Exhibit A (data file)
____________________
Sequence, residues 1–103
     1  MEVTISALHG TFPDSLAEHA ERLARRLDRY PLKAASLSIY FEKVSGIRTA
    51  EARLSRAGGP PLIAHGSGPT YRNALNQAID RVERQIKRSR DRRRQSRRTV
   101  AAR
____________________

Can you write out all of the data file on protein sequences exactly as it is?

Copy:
Sequence, residues 1–103
     1  MEVTISALHG TFPDSLAEHA ERLARRLDRY PLKAASLSIY FEKVSGIRTA
    51  EARLSRAGGP PLIAHGSGPT YRNALNQAID RVERQIKRSR DRRRQSRRTV
   101  AAR